Starry Starry Night is bound to draw comparisons to Moonrise Kingdom since both movies are about young love -- or, really, to riff on Harold Brodkey, first love and other sorrows. But Starry Starry Night delves deeper into those emotions of adolescent longing and connection, and it also takes a lot of visual risks in the process. Fantasy gets blended with reality to help show the interior life of Mei, which is all turmoil, fine art, fragility, and hope. Even simple gestures and the mere presence of someone you care about becomes the stuff that gives her the sense of flight. The result is a beautifully put together coming-of-age story that delves into what love means at an early age and how it clashes with the first taste of adult disenchantment. -- Hubert Vigilla (Read his full review here!) I almost didn't see You Are the Apple of My Eye. It didn't sound appealing to me, so I didn't put it on my already-too-large list of things to watch. But then I read this blog post by the brilliant and wonderful Grady Hendrix, who is the reason we were able to cover last year's NYAFF (and thus bring you this post). Grady said that he was iffy about You Are the Apple of My Eye for the same reason I was, but he gave it a try and it was brilliant. So I gave it a try, and I am incredibly glad that I did. Giddens Ko's semi-autobiographical directorial debut is one hell of a film, and one of the best examples of why someone should never judge a book by it's cover. -- Alec Kubas-Meyer (Read his full review here!) I don't know that I ever could have predicted this one. I knew that there was a chance that Ace Attorney could be good (or perhaps even great), but I was not prepared for how absolutely brilliant Takashi Miike's adaptation of the absolutely brilliant videogames series Phoenix Wright. If you have played the first game, there won't be too much new for you (although I'll think you'll like what new there is), but it's handled in such a way that it doesn't feel unnecessary. Those who haven't played the game(s) are unlikely to enjoy it quite as much, but put them in with a crowd and they're still have a blast. And then buy them a DS (they're quite cheap nowadays) and the rest of the games in the series. They will thank you. -- Alec Kubas-Meyer (Read his full review here!) It certainly makes sense that a film called Rent-a-Cat would make me feel warm and fuzzy inside, but that's not all Rent-a-Cat has going for it. Aside from the rampant cuteness, it has some enjoyable characters spouting even more enjoyable dialogue. The film runs a bit too long, which is why it's the runner-up (although Ace Attorney could have done with some trimming as well), but it ended before I got too angry about its length. And I'm really glad about that, because it's just so wonderful. I wish my cat didn't hate me. -- Alec Kubas-Meyer (Read his full review here!) Zombie Ass is about as good as a movie called Zombie Ass can be. Noboru Iguchi slathers on a heaping helping of filth, but at least has the decency to not show someone pinching a loaf on camera. There's still a fair amount of crap on screen, though it's not the worst thing to come out of people's butts in Zombie Ass. It's cheap junk, it's dirty junk, and it revels in gross-out humor and special effects. The finale is the stuff of a crazed 13-year-old's fever dream -- the kind of joke you'd tell in middle school brought to life in all its smelly glory. Whatever I say about the film is pretty much moot because if you want to see Zombie Ass you will see it regardless, and may the gods of good taste have mercy on our souls. -- Hubert Vigilla (Read his full review here!) In Gyo, smelly fish get robotic legs and overrun dry land, attacking anything in their path. But somehow, that's not weird enough. The fish are also rank and farty, filling the screen with stink lines like some sort of flatulent Van Gogh. But that's still not weird enough. In fact, Gyo goes to some very strange places, answering the rarely-asked question "What if H.P. Lovecraft was afraid of seafood and bad gas?" The film probably plays differently to those who've read the Junji Ito manga it's based on, but having not read it myself, I got a kick out of the unpredictable trip that story goes on. It'd make a nice double-feature with Zombie Ass, and by "nice" I mean "what the fuck-y." -- Hubert Vigilla (Read his full review here!) Like many great cult movies, Boxer's Omen is the sort of movie that renders criticism moot. Sure, it's not that well put together and the story is a mess, but it's full of enough crazy magic battles and bonkers imagery that traditional concerns of plot and storytelling don't matter. It's noteworthy for being a Shaw Brothers Studios sideshow from the 1980s. See a man eat entrails and puke them out! See an army of alligator skulls! See people eat other people's food they just spat out! Witness gallons of odd bodily secretions! And stay for the finale which is a weirdo exclamation point to a weirdo sentence! -- Hubert Vigilla (Read his full review here!) Goke, Body Snatcher from Hell is basically a message film rife with Cold War paranoia and fears of the nuclear age. It has a lot in common with films like Matango and Children of the Damned in that sense. But even with its dire conclusion, preachiness never becomes an issue in Goke (a la Children of the Damned). I think that's because it's a brisk and stylish yarn full of odd imagery and equally odd characters -- bombers, assassins, weasely politicians, and dumb American blondes. This is the sort of cult film that's slightly campy yet legitimately good rather than so-bad-its-good. The cult designation is all about its under-the-radar status and the evangelical devotees. Count me among the converted. -- Hubert Vigilla (Read his full review here!) Love Strikes! is a different kind of disappointment. Instead of falling short of any preconceived ideas of how the film might be, Love Strikes! fell short of how it made me think the film might be. The opening 30 minutes of Love Strikes! are fantastic, and they really pumped me up and had me excited. Then the rest of the film happened, and I was so angry with everybody involved in the production. There was so much promise in that 30 minutes, but the film does everything it can to undo the goodwill it gained from that, and it successfully undoes all of that goodwill. I still think those thirty minutes are worth watching, but I honestly don't know how nobody involved in the production didn't stop and say, "Hey wait a second... maybe we should make this terrible stuff more like that not-terrible stuff that we did before." But apparently that happened, and the world is worse off because of it. -- Alec Kubas-Meyer (Read his full review here!) Sometimes a documentary filmmaker needs to know when to get out of the way. In Golden Slumbers, director Davy Chou is always in the way. The subject matter is incredible: the 400 native films of Cambodia were wiped out by the Khmer Rouge, and the movie theaters of the country destroyed. Rather than showing us what survives of the country's lost cinema culture, Chou lingers on the idea of what this absence means. There's so much information that could have been shared, so many images that could have been shown, but instead we have a film all about the idea of Cambodian cinema rather than actual Cambodian cinema. It's well made but the aim is way off; like No Man's Zone, it's a cautionary tale of intellectual pursuits obscuring the subject matter. -- Hubert Vigilla (Read his full review here!) Let's Make the Teacher Have a Miscarriage Club's biggest crime is that it's boring. The basic premise, a group of young girls try to give their teacher a miscarriage, should be enough to give the filmmakers some kind of creative spark, but there's nothing there. Almost nothing happens, and the few things that do happen are laughable or completely nonsensical. Nobody is interesting, nobody is worth caring for, nothing matters. If a filmmaker can't feel bad for a legitimately blameless character who has a group of young girls trying to give her a miscarriage, then that person needs to find a different job. -- Alec Kubas-Meyer (Read his full review here!) Hard Romanticker is just bad. Some parts are terrible (its treatment of women is particularly unpleasant) and some parts are halfway decent (a lot of the violence is well-done), but as a whole there isn't a lot to redeem the film or make it worth watching. It's a throwback to an old style of film that needn't be thrown back to. I know that a lot of people enjoyed it, and I honestly have no idea how. As bad as it is, though, it's not dull, which is why it rests firmly as our runner-up. -- Alec Kubas-Meyer (Read his full review here!) ALL REVIEWS: LISTED IN REVERSE CHRONOLOGICAL ORDER JAPAN CUTS Ushijima the Loan Shark - 73 (Good) Rent-a-Cat - 87 (Exceptional) - Lonely Swallows - 65 (Decent) No Man's Zone - 40 (Sub-Par) Toad's Oil - 77 (Good) 9 Souls - 83 (Great) - Chronicle of My Mother - 79 (Good) Zombie Ass - 70 (Good) JAPAN CUTS/NYAFF CROSSOVER Tormented - 45 (Sub-par) Tokyo Playboy Club - 70 (Good) Hard Romanticker - 38 (Bad) The Big Gun/Henge - 69 (Decent) Let's Make the Teacher Have a Miscarriage Club - 35 (Bad) Smuggler - 50 (Average) Gyo - 80 (Great) Potechi (Chips) - 82 - Ace Attorney - 89 (Exceptional) - Monsters Club - 74 (Good) Love Strikes! - 67 (Decent) Asura - 60 (Decent) Scabbard Samurai - 82 (Great) - NEW YORK ASIAN FILM FESTIVAL Make Up - 70 (Good) Golden Slumbers - 50 (Average) Bloody Fight in Iron Rock Valley - 64 (Decent) Dragon (Wu Xia) - 85 (Exceptional) - The Lost Bladesman - 79 (Good) Doomsday Book - 79 (Good) All About My Wife - 84 (Great) - Secret Love - 63 (Decent) Sacrifice - 65 (Decent) Nasi Lemak 2.0 - 68 (Decent) Kill Zone (SPL: Sha Po Lang) - 82 (Great) - Starry Starry Night - 90 (Spectacular) - The King of Pigs - 50 (Average) Guns N' Roses - 81 (Great) - Honey Pupu - 40 (Sub-Par) The Swift Knight - 74 (Good) Warriors of the Rainbow: Seediq Bale - 78 (Good) Goke, Body Snatcher from Hell - 80 (Great) - Boxer's Omen - 70 (Good) - Couples - 86 (Exceptional) - Failan - 73 (Good) You Are the Apple of My Eye - 89 (Exceptional) - The Sword Identity - 61 (Decent) Nameless Gangster: Rules of the Time - 85 (Exceptional) - Vulgaria - 86 (Exceptional) - War of the Arrows - 78 INTERVIEWS Flixclusive Interview: Director Grandmaster Y.K. Kim Flixclusive Interview: Yeun Sang-ho, The King of Pigs Interview: Donnie Yen Flixclusive Interview: Director Chung Chang-Wha Flixclusive interview: Choi Min-sik VIDEOS Actress Michelle Chen's reception speech Director Giddens Ko's reception speech Actor Choi Min-sik's reception speech Director Chung Chang-Wha's reception speech NEWS Flixclusive details on King of Pigs director's next film Donnie Yen on Monkey King, action in 3D, and Ip Man 3D Choi Min-sik wants to work with, challenge Park Chan-wook Choi Min-sik's next film is like The Departed, he's a cop Choi Min-sik not seeing Spike Lee's Oldboy, would cameo NYAFF Midnight Movie: Miami Connection NYAFF Midnight Movie: Dead Bite NYAFF Special Screening: Iron Monkey NYAFF Midnight Movie: Goke, Body Snatcher from Hell NYAFF Midnight Movie: Boxer's Omen Hark again, for Japan Cuts 2012 likewise cometh Hark, the 2012 New York Asian Film Festival is upon us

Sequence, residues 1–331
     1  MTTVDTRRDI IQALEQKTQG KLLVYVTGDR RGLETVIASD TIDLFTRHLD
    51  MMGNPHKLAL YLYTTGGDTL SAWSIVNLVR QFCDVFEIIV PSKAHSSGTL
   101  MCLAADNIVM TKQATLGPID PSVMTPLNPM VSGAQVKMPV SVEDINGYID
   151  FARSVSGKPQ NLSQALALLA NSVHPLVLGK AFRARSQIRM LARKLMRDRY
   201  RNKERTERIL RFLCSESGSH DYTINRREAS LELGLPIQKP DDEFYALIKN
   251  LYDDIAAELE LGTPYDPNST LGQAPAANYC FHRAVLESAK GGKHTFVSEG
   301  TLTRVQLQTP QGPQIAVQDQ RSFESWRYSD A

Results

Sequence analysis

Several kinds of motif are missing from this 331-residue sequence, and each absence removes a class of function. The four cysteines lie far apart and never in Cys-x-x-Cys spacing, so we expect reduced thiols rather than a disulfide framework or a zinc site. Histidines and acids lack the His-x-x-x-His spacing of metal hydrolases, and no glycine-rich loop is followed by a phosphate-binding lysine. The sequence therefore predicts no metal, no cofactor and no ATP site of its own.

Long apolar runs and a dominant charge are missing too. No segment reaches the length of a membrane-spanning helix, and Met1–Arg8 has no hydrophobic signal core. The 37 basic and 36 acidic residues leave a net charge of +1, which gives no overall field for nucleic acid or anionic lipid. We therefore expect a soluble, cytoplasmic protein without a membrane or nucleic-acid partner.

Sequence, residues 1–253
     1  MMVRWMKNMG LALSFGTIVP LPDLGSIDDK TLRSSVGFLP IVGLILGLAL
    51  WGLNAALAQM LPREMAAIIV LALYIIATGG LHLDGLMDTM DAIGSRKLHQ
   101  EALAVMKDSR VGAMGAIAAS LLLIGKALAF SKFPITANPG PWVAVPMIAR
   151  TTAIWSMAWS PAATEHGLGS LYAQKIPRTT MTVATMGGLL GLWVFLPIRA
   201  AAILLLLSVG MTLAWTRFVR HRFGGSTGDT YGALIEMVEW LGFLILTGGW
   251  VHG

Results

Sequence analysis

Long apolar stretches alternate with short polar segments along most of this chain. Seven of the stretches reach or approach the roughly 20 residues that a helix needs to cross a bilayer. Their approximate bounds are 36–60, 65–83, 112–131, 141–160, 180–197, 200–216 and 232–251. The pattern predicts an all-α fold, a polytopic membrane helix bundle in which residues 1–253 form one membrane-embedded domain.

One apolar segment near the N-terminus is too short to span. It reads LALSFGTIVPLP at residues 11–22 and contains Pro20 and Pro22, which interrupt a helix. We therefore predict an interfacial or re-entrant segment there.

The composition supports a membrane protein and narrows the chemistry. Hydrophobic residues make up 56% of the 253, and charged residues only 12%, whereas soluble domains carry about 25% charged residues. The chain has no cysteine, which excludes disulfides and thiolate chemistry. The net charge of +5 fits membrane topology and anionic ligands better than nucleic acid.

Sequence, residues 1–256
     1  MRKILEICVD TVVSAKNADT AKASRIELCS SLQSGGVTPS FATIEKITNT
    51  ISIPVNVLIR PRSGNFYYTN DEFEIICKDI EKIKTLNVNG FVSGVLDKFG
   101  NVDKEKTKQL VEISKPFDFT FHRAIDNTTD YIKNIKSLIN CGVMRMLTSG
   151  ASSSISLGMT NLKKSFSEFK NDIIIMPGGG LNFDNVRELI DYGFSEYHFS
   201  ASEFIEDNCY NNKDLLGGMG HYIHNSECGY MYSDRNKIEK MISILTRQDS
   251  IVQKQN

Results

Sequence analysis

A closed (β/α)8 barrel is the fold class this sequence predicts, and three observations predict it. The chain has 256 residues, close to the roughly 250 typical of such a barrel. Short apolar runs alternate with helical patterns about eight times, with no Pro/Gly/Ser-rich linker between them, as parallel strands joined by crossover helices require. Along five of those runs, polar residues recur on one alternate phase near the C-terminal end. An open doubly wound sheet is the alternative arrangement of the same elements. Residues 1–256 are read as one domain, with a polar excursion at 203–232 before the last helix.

photo